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This week’s amateur picks are linked below. Offer your constructive criticisms and then vote for the best one of the bunch in the comments!
LOGLINE: Two slackers with dead-end jobs try to turn their haunted past into reality TV stardom.
WHY YOU SHOULD READ: This was my first attempt at writing a feature-length screenplay and it became a Finalist in the 2013 PAGE International Screenwriting Awards. It also garnered a Fresh Voices nomination for “Best On Screen Chemistry.”
I’m not a comedy writer, but always thought ghost hunting shows lent themselves naturally to humor because
they take it so seriously — just like my protagonists.
After a year of rejections, I feel like I’m ready for whatever reaction you (and the SS community) can offer. Plus, I’m more
than a little annoyed about a recent TV web series springing up with the same name and subject matter. What
do I have to lose now?
I should also note, that a certain character quirk was written LONG before I ever watched Zombieland. (It took me a while
to get this one finished.) And I think my version plays out funnier anyway.
My 2nd feature is in a completely different genre (historical fantasy) and took 6 months of research/developing, 1 month to write. It’s currently placed as a semi-finalist for this year’s PAGE Awards.
TITLE: NERVE AND SINEW
GENRE: Action Thriller
LOGLINE: When an ex-UFC fighter reluctantly accepts a kidnapping job from the Russian mob, he sneaks into an upscale apartment complex to capture the target but finds himself in a high intensity hostage situation when armed terrorists simultaneously take over the building in a Mumbai-style attack.
WHY YOU SHOULD READ: Been hacking away at this craft for several years now. Have written several scripts, read countless others. It can be a frustrating grind — writing scripts and trying to find success with them. Sometimes I’d love to quit. But I just can’t. Nothing else even remotely interests me the same way.
This is a classic blood-pumping action thriller with a modern touch that should be a fun ride if it ever makes it to the screen. But don’t take my word for it. One reviewer had the following to say: “Although there are big budget explosions and gun fighting scenes, the script never feels cliche in its execution of plot. It doesn’t lean on the violence and pays close attention to staying original and dark throughout. This could be a big, blockbuster film that would attract a broad audience and potentially an A-list actor.”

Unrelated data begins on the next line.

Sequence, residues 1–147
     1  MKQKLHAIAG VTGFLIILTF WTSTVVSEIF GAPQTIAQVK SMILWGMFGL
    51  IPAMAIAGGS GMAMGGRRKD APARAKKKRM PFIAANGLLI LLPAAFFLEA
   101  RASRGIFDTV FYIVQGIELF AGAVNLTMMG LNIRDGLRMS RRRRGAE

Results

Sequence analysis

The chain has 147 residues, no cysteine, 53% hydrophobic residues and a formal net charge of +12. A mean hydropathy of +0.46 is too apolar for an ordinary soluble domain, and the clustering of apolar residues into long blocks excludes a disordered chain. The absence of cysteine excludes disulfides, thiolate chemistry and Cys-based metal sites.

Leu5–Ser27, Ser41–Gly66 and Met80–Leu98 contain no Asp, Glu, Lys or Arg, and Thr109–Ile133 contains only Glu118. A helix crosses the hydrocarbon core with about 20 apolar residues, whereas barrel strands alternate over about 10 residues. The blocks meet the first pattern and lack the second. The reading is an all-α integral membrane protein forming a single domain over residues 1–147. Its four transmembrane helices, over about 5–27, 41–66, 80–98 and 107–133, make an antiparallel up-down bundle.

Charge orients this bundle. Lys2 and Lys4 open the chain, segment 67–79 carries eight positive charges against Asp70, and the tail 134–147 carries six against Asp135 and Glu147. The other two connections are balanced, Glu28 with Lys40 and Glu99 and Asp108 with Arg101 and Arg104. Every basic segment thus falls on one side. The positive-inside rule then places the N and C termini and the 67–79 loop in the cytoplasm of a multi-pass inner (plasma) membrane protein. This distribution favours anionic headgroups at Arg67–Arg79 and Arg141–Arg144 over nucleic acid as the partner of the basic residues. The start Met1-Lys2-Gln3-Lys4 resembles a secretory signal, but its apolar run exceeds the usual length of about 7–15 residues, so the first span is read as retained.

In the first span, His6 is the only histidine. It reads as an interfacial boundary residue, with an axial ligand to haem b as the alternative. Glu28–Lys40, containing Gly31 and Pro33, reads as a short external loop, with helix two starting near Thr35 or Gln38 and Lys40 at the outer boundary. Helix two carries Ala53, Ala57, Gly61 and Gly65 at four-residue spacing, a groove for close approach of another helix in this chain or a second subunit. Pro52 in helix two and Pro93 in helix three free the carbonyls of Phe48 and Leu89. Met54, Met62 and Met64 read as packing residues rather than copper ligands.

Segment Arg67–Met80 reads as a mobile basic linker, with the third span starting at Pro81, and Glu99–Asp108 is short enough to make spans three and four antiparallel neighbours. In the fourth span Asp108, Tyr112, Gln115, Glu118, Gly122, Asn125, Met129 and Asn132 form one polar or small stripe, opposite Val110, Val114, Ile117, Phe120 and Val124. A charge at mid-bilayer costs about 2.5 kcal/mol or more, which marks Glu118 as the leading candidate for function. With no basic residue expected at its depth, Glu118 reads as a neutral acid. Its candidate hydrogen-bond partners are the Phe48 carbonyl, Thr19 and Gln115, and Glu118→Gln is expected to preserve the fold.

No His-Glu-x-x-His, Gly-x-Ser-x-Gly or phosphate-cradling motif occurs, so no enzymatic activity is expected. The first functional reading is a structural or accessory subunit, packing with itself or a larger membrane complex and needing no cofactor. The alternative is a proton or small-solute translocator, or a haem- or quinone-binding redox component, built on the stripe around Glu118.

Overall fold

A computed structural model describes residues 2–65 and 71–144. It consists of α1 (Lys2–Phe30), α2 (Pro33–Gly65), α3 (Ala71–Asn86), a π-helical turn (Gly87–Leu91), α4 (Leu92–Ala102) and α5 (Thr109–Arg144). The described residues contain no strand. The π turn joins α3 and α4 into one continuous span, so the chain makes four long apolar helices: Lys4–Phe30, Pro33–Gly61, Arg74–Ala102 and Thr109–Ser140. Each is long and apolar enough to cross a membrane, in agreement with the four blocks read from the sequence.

Also, it’s a quick 105 pages with sparse, vertical writing. At the very least you won’t get a headache reading it.
It’s done well in contests (initial draft was top 15% in Nicholl) and on the Black List (revised draft recently received an overall rating of ‘8’), but I’d love to get it some more exposure. The more eyes on it, the better, right?
TITLE: THE SANDMAN
GENRE: period thriller
LOGLINE: In 1940’s LA, an orphan young man must unravel the mystery of “The Sandman” – a legendary lost film – before the beautiful blind girl he loves falls victim to the sinister forces who seek it
WHY YOU SHOULD READ: because it is a story for anyone who loves movies with a passion and finds in the cinema not only escape from life but life itself. If a young Dickens or Poe would have written a script in collaboration with Roger Ebert, I’d like to think they would come up with something like this.
TITLE: Goodnight Nobody
GENRE: Contained Thriller
LOGLINE: Besieged by “monsters” that have emerged from their toddlers’ closet, a couple must keep their wits about them if they hope to escape their house alive.
WHY YOU SHOULD READ: Whenever you read in a release from a prodco that they may have independently developed a similar idea, I’m the guy they’re talking to. Ten years ago I wrote a script about a lonely boy whose stuffed animal comes to life, and is still around when he’s an adult. I’m not saying that I was ripped off – my script would never have been in the same zip code as Seth McFarlane to have even seen it – but I had a similar idea once upon a time that just didn’t find its way up the chain despite my manger-at-the-time’s best efforts. Five years ago a script I wrote with a partner generated a little heat. It was a reinvention of the King Arthur saga. Then three other Arthur scripts sold before we could cash in on that heat. Our script withered on the Hollywood vine and died. This summer I almost sold a script to “Lifetime”, but turns out they had a too similar project already in the works. And, just this week, “Pivot” sold which has a very similar idea to a sci-fi spec I wrote earlier this year, so it’s another labor of love I get to throw into a drawer. I just need my luck to change. I always feel like I’m on the precipice, and just need to figure out what it is that’s holding me back. Maybe you guys can help me figure out what that is.
LOGLINE: When a teenage Scout troop becomes lost in the Utah desert, they experience terrifying hallucinations that point to a supernatural stalker.
WHY YOU SHOULD READ: Hellscape was actually inspired by a real-life event. A few years ago, I learned about a group of Boy Scouts who found themselves in a brutal heat wave while hiking the Grand Canyon. Before long, they were suffering bizarre, disturbingly realistic hallucinations. And that’s when the idea struck me – what if those hallucinations were something else, something paranormal? What better place for demonic mind games than a sweltering, Mars-like wasteland far from civilization?